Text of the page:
I’m sure you’re thinking, “nice story Steve, but what in the world does any of this have to do with making my notary business better?”.
Well, here it is…
It doesn’t matter how pure your motives are, how much you want the benefits, or how easy it is to do the work, if you don’t enjoy it, it is going to eat away at you.
For some, this means you truly need to evaluate your career (whether you are a full-time notary or have other employment):
Does a pit in your stomach start growing every Sunday afternoon as you dread heading into work on Monday?
Do you find yourself griping and complaining about everything that’s wrong with your job/industry?
Do you enjoy more things about your work than you hate?
After a full day of work, are you generally happy and satisfied with your efforts?
Does your work line up with how you view your purpose in life?
If you are miserable in your work, it’s time for a change. That’s ok. This industry isn’t for everyone. We each have our own strengths and abilities. Life is too short to waste it doing something day in and day out that doesn’t add value your life.
If this describes you, let this be a wake-up call. Start exploring other options. I would encourage you to read 48 Days to the Work You Love by Dan Miller.
For others, it means you need to evaluate the tasks you spend most of your time doing:
Are you spending most of your “work time” doing the things you are uniquely qualified to do?
Are the tasks you spend most of your time on actually generating income?
Do you enjoy doing the tasks that occupy the bulk of your time?
Your notary business will be more successful than you ever imagined if you can maximize the amount of time you spend doing tasks that generate income and you enjoy doing.
How can you get the other tasks done without them taking you away from your “more important tasks”?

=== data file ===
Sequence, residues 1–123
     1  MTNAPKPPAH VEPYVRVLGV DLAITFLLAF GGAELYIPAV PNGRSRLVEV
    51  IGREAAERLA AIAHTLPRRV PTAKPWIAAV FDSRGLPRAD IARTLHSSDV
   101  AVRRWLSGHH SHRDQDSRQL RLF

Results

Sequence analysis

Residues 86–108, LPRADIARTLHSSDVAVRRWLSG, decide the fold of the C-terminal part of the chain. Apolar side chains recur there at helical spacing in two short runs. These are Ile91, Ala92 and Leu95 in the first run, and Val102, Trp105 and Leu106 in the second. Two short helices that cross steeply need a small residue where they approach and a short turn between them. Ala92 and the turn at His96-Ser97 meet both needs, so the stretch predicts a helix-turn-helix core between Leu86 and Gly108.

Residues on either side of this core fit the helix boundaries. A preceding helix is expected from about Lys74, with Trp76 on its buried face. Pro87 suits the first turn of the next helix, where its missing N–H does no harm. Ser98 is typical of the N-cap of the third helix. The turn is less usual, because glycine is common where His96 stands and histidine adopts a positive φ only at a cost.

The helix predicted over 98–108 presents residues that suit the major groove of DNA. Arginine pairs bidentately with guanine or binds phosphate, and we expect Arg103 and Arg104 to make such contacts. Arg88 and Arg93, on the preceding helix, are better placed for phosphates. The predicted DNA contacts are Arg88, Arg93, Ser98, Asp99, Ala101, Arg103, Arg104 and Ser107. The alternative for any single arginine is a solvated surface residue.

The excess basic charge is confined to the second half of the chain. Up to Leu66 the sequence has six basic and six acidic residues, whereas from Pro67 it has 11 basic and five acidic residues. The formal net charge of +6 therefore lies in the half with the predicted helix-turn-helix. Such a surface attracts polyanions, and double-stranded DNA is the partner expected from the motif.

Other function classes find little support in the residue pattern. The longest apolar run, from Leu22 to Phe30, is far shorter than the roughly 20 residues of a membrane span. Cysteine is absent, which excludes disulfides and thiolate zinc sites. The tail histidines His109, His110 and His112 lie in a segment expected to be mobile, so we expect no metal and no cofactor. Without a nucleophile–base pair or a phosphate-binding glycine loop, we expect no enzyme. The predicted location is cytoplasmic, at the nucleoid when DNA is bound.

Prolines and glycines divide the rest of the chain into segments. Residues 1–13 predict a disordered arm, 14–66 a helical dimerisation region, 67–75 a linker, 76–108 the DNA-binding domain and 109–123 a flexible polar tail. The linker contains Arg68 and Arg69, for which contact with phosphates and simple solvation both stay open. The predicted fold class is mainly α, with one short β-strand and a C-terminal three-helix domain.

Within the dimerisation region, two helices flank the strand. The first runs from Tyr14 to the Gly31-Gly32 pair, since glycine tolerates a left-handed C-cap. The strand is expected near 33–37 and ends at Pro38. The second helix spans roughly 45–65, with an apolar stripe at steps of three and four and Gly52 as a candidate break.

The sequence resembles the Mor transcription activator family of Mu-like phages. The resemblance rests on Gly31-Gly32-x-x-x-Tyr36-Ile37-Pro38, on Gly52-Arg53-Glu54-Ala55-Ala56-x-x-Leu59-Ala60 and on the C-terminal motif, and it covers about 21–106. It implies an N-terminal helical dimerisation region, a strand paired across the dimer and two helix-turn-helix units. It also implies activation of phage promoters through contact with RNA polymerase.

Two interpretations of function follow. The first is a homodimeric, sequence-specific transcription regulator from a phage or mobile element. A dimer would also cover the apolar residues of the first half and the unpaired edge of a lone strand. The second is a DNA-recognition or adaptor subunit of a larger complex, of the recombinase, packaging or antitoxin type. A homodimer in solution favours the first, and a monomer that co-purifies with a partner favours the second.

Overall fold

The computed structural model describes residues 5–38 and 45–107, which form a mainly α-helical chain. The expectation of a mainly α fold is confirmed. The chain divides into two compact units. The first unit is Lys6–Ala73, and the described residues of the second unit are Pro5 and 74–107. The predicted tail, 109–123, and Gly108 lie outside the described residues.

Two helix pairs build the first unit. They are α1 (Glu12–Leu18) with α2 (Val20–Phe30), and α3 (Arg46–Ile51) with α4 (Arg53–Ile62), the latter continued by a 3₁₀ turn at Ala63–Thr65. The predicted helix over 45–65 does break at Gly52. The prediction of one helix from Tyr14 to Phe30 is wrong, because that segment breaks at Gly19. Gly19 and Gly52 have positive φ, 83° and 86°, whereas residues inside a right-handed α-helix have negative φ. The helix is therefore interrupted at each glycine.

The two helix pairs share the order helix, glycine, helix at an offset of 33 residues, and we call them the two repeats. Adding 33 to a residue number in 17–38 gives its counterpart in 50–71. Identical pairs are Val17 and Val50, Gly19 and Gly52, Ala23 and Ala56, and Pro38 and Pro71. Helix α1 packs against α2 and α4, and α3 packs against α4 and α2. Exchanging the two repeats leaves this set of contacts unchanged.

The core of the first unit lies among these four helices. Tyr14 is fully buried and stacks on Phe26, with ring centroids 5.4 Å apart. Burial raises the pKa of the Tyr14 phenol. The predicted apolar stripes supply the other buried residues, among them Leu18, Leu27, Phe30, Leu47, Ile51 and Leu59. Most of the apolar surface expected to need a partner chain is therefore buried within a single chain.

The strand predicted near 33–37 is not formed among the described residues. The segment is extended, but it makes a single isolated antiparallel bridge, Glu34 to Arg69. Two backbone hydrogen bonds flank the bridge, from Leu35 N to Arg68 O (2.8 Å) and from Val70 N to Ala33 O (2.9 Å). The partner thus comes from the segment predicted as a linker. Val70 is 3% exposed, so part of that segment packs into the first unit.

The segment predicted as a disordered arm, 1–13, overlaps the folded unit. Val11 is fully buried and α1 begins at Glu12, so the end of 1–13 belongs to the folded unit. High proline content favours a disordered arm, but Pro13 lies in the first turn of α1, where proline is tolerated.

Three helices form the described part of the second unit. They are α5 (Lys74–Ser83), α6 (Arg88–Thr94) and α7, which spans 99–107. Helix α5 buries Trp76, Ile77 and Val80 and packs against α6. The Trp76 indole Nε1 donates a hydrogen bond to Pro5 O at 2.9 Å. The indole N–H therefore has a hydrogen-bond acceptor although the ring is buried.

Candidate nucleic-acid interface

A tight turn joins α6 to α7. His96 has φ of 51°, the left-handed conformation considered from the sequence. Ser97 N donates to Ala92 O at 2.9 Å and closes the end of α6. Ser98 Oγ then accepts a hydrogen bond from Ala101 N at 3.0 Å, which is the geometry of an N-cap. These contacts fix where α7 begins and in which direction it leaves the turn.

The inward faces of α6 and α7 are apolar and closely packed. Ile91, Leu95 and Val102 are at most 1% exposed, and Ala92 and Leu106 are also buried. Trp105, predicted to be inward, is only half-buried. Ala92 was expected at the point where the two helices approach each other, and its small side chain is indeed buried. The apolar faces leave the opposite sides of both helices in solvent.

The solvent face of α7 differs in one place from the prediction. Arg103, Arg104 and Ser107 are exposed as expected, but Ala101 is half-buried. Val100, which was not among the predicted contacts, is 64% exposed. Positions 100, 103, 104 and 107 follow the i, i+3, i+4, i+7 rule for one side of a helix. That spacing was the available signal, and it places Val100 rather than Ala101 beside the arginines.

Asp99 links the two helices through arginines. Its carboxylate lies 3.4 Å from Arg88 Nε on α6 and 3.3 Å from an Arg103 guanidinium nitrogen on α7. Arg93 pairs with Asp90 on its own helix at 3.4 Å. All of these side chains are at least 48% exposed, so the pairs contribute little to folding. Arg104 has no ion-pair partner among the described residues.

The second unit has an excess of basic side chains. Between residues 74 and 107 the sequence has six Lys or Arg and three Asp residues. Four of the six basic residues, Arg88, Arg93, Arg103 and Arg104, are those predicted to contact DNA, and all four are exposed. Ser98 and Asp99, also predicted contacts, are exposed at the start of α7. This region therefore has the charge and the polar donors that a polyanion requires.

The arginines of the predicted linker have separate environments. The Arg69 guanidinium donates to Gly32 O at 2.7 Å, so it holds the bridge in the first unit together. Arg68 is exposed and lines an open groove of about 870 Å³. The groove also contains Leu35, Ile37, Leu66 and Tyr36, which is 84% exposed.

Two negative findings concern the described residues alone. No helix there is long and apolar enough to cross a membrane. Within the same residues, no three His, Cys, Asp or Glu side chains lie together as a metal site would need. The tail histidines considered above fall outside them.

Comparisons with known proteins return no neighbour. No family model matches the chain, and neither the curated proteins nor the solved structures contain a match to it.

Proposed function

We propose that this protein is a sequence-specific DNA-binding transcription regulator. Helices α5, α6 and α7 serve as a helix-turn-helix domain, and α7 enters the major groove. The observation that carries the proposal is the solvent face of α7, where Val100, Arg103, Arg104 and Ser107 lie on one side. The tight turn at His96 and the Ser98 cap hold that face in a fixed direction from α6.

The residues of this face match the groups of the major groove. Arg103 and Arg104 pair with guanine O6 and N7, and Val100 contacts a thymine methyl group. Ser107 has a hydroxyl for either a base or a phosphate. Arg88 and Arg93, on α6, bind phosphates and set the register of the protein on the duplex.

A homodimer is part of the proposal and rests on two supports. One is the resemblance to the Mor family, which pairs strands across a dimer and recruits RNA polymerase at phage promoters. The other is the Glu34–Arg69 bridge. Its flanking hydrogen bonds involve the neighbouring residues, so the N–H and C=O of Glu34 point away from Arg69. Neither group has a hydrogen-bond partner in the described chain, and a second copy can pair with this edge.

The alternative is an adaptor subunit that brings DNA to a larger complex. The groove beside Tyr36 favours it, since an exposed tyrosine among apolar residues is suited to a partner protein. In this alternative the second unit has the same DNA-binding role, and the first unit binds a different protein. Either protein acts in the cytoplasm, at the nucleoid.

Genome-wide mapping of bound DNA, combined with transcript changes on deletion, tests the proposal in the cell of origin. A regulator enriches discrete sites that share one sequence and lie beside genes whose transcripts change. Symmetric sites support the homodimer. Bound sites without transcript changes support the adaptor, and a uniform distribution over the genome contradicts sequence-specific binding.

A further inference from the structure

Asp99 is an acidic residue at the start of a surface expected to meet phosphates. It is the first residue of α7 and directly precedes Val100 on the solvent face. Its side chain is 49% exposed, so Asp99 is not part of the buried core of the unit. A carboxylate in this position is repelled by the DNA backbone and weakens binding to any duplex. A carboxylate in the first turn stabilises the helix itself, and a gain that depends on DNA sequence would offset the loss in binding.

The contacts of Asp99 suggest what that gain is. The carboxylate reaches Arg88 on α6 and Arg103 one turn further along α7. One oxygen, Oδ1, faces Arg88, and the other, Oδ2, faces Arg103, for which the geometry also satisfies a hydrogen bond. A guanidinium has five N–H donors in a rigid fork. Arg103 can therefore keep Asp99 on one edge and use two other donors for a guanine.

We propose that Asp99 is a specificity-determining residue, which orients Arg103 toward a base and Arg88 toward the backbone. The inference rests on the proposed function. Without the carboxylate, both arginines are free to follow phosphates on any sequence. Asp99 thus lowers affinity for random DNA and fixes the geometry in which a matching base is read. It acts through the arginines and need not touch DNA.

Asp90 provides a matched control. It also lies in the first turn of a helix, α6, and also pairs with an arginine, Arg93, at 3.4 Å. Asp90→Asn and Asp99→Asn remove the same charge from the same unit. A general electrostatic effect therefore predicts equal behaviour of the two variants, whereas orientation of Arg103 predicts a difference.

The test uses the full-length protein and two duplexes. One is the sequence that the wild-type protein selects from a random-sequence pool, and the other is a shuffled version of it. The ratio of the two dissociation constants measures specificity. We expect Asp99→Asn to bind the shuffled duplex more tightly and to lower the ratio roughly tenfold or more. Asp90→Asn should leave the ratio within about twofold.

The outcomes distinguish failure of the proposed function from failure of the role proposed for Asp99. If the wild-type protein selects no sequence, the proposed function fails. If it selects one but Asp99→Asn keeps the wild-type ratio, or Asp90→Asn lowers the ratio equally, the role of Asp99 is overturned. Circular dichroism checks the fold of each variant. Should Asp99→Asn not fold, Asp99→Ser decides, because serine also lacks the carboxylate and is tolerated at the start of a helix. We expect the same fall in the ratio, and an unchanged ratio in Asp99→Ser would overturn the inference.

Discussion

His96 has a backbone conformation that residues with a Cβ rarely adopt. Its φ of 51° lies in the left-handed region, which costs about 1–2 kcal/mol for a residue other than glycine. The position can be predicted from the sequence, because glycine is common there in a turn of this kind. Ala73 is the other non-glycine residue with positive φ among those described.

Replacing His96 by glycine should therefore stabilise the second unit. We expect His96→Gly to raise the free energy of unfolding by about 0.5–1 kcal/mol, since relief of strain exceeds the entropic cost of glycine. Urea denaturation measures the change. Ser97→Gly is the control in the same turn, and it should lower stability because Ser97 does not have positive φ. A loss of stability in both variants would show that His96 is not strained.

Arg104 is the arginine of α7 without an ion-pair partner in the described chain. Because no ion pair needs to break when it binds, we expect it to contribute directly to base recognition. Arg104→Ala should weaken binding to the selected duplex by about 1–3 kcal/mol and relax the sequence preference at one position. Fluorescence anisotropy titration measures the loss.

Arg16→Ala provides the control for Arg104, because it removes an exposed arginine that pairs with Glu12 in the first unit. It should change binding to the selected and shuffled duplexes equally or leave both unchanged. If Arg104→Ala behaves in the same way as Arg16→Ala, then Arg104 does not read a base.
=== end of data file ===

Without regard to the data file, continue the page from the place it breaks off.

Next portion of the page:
Take some time to list out all the tasks you perform as a notary signing agent. Then number them (1 – ?) with “1” being the task you spend the most time doing.
Now letter the tasks (A-?) with “A” being the task that generates the most income. Think hard about this. You may think doing a closing generates the most income, but it may actually be sales, marketing, or signing up with a signing company because doing these tasks can create residual income.
Finally, place a star next to all the tasks you enjoy doing.
Now analyze your data. Which tasks do you enjoy doing that rank high in the “generates income” ranking?
Focus on how you can send more time doing these tasks.
What things are you spending more time on that you don’t enjoy or aren’t profitable?
Brainstorm how you can eliminate, delegate, or automate these tasks.
Don’t waste your life doing things that drain the life out of you.
Don’t waste your time and potential doing the things your notary business requires but you don’t enjoy or aren’t profitable.
Making these adjustments will put you on track for 2016 to be the most profitable and fulfilling year ever in your notary business.